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Kenneth Jansen, U. Colorado
Michel Rasquin, Argonne
Berk Geveci, Kitware, Inc.


  • Simulate and analyze synthetic jet flow control using the finite element method
  • Use mesh adaptivity to fully resolve all required physical scales
  • Analyze and visualize the resulting 1 billion element mesh per time step solution to study the effect of flow control


  • Synthetic jet flow control can dramatically alter aerodynamic flow with very small power input.
  • Advancing our understanding of the flow mechanisms involved is essential to developing novel flow control techniques

Accomplishments - FY13

  • Computations confirm experimental finding that flow control can produce 20%  improvement/increase in side force
  • Demonstrated that unsteady, separated flow with active flow control is not accurately simulated with time-averaged models
  • Using ParaView on ALCF Tukey enabled researchers to remotely analyze and visualize their data, an essential part of the discovery process at scale


Researchers at Rensselaer Polytechnic Institute have observed that synthetic jets (1mmx20mm slits on top of acoustically resonating cavities) can raise the rudder side force of a vertical tail assembly by 20%. The physics behind this dramatic improvement are poorly understood.

A coordinated experimental and computational study has been carried out between UCB and RPI to understand the physical process on a real tail-rudder geometry.

At this high Reynolds number, the turbulent flow produces a broad range of length scales that must be resolved to properly predict the behavior as typical time averaged models (Reynolds Averaged Navier-Stokes (RANS)) have been shown to be inadequate.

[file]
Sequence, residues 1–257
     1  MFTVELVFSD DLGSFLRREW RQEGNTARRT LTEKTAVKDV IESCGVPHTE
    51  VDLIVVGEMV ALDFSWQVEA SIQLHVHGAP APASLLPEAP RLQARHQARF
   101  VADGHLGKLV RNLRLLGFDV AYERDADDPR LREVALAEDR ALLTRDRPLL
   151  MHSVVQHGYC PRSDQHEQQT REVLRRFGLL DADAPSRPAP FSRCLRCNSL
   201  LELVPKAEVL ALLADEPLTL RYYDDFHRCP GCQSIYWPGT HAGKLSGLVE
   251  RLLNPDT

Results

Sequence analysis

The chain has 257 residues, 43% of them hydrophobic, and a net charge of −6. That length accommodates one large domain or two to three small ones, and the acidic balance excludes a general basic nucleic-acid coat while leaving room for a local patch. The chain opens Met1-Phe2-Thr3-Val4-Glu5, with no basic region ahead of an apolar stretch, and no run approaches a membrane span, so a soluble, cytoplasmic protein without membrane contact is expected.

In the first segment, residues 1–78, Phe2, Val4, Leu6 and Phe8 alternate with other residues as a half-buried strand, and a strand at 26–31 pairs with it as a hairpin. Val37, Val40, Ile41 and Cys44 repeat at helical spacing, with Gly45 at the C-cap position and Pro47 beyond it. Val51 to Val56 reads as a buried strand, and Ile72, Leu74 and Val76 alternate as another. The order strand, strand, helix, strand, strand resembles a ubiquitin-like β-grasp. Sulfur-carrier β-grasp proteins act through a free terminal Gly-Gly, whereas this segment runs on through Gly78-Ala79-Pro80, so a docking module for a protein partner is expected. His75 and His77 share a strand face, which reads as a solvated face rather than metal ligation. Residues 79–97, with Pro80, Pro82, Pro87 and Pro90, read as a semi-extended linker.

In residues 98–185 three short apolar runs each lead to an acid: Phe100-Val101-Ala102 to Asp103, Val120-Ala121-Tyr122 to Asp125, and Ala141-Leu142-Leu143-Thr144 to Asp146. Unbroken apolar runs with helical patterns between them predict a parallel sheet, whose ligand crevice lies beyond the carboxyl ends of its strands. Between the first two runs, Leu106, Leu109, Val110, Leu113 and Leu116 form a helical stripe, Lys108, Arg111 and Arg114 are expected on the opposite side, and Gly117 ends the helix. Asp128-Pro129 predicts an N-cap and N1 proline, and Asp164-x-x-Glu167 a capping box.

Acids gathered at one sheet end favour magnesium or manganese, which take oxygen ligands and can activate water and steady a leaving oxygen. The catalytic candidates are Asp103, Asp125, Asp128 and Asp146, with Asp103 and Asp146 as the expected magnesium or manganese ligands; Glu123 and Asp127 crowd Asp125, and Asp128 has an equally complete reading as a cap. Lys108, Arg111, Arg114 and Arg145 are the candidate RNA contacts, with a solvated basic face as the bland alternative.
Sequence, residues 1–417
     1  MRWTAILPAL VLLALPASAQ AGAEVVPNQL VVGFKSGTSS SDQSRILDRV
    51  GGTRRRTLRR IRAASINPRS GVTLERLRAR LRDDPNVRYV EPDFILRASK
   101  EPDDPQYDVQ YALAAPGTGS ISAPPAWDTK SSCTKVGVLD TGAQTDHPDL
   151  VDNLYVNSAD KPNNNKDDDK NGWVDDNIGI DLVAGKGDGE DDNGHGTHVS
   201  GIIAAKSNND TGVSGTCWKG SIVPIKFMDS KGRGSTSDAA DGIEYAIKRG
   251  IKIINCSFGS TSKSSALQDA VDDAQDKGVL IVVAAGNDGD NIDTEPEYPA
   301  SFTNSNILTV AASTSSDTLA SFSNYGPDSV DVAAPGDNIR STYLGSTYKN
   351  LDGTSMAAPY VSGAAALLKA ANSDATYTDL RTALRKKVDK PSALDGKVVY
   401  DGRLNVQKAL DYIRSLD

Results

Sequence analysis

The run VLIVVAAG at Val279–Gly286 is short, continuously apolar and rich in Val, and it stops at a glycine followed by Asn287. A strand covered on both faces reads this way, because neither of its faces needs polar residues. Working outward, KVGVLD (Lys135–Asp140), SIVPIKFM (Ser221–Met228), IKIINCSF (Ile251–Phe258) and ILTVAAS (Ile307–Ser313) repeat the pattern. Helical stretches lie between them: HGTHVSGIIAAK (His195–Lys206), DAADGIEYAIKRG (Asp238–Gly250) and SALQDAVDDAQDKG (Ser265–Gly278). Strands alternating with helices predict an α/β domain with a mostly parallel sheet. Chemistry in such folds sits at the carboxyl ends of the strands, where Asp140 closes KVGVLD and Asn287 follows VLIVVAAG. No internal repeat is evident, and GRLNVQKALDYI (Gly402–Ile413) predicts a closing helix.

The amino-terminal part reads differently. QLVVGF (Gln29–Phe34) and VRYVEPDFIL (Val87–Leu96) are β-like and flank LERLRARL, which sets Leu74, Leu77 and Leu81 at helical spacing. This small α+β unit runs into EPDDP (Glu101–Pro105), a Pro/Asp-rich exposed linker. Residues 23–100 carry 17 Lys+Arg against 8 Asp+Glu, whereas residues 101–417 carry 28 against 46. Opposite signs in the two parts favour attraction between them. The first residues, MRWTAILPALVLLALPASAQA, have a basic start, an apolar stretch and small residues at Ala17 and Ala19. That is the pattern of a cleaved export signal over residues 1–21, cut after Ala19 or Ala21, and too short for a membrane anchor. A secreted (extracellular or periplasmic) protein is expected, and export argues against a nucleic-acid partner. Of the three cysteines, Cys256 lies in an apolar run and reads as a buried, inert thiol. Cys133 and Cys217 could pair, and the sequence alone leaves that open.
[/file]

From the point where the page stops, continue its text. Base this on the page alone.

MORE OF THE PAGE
In this project, the UCB team applied an adaptive, unstructured grid flow solver to resolve enough of the temporal and spatial scales to accurately match the experimentally observed flow control improvement. The left figure shows the real geometry, the CAD and an instantaneous isosurface of the vorticity Q criterion.

The key impact of this work was to adaptively improve the resolution to a level that this 20% improvement/increase in side force was captured by the computations.  The second figure illustrates that while it is possible to predict the baseline (no flow control) case with a carefully designed initial mesh (orange solid simulation curve whose average is the same color but dashed compared to dashed experiment), the same mesh captures very little of the expected improvement (dark blue solid and dashed) when the jets are turned on.
Uniformly refining this mesh makes a mesh that is 8 times bigger but the improvement to the predicted force (magenta)  is modest given the additional cost.

Local adaptivity, based on the simulation’s own measurement of the error, refines the mesh in only where needed and the force from the first adapted simulation is plotted in light purple (Adapt1) where the agreement with the experimentally observed force is apparent.  This mesh uses about 1/3 of the number of elements used in the uniformly refined case. Finally, the yellow curve shows a second adaptation (Adapt2) which resolves even more scales yet produces the same side force improvement giving more confidence to the grid independence (verification) of this validated prediction while still using less mesh elements than the uniform refinement case (1.2B vs 1.4B).  Note that the baseline is also verified to be grid independent with the adapted mesh (Adapt1 mesh is purple curve on Baseline).

These simulations generate over a terabyte of data per time step, which is impossible to transfer to a local computer at U. Colorado for analysis. The researchers used ParaView to remotely visualize their data on ALCF’s Tukey. This significantly reduced the data analysis barrier enabling the discovery process at scale.